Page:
Multiplex Modeling of the Society
Kertesz, J., Torok, J., Murase, Y., Jo, H. H., & Kaski, K. (2016). Multiplex Modeling of the Society. arXiv preprint arXiv:1609.08381v1
The society has a multi-layered structure, where the layers represent the different contexts. To model this structure we begin with a single-layer weighted social network (WSN) model showing the Granovetterian structure. We find that when merging such WSN models, a sufficient amount of inter-layer correlation is needed to maintain the relationship between topology and link weights, while these correlations destroy the enhancement in the community overlap due to multiple layers. To resolve this, we devise a geographic multi-layer WSN model, where the indirect inter-layer correlations due to the geographic constraints of individuals enhance the overlaps between the communities and, at the same time, the Granovetterian structure is preserved. Furthermore, the network of social interactions can be considered as a multiplex from another point of view too: each layer corresponds to one communication channel and the aggregate of all them constitutes the entire social network. However, usually one has information only about one of the channels, which should be considered as a sample of the whole. Here we show by simulations and analytical methods that this sampling may lead to bias. For example, while it is expected that the degree distribution of the whole social network has a maximum at a value larger than one, we get with reasonable assumptions about the sampling process a monotonously decreasing distribution as observed in empirical studies of single channel data. We analyse the far-reaching consequences of our findings.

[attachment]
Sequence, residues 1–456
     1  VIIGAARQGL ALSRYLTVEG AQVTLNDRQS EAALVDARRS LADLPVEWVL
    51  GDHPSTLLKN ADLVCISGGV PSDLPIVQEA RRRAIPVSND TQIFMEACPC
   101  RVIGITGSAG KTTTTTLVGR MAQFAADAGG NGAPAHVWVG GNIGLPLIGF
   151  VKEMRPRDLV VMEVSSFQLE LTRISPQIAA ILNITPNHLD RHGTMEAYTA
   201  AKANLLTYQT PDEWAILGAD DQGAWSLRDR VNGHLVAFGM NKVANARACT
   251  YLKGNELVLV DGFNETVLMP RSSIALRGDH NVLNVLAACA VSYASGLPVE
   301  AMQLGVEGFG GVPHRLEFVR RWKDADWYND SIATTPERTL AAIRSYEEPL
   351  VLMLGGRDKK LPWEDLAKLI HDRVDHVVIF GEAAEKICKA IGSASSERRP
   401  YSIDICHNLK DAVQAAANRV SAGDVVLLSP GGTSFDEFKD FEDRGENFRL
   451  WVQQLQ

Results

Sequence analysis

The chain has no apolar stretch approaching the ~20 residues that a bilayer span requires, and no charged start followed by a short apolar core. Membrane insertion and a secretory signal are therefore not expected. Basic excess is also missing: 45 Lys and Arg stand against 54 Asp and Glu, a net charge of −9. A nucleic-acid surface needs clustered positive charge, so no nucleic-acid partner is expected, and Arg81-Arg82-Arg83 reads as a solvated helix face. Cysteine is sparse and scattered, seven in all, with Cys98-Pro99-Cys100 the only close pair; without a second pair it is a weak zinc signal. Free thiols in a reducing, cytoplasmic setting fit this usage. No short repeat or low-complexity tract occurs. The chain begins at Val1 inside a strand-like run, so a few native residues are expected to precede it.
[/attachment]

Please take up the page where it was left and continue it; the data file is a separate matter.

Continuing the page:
Evolution of Cooperation Under Social Pressure in Multiplex Networks
Pereda, M. (2016). Evolution of cooperation under social pressure in multiplex networks. Physical Review E, 94(3), 032314. DOI: https://doi.org/10.1103/PhysRevE.94.032314
In this work, we aim to contribute to the understanding of human prosocial behavior by studying the influence that a particular form of social pressure, “being watched,” has on the evolution of cooperative behavior. We study how cooperation emerges in multiplex complex topologies by analyzing a particular bidirectionally coupled dynamics on top of a two-layer multiplex network (duplex). The coupled dynamics appears between the prisoner’s dilemma game in a network and a threshold cascade model in the other. The threshold model is intended to abstract the behavior of a network of vigilant nodes that impose the pressure of being observed altering hence the temptation to defect of the dilemma. Cooperation or defection in the game also affects the state of a node of being vigilant. We analyze these processes on different duplex networks structures and assess the influence of the topology, average degree and correlated multiplexity, on the outcome of cooperation. Interestingly, we find that the social pressure of vigilance may impact cooperation positively or negatively, depending on the duplex structure, specifically the degree correlations between layers is determinant. Our results give further quantitative insights in the promotion of cooperation under social pressure.
Hierarchy is Detrimental for Human Cooperation
Cronin, K. A., Acheson, D. J., Hernández, P., & Sánchez, A. (2015). Hierarchy is Detrimental for Human Cooperation. Scientific reports, 5, 18634. DOI: 10.1038/srep18634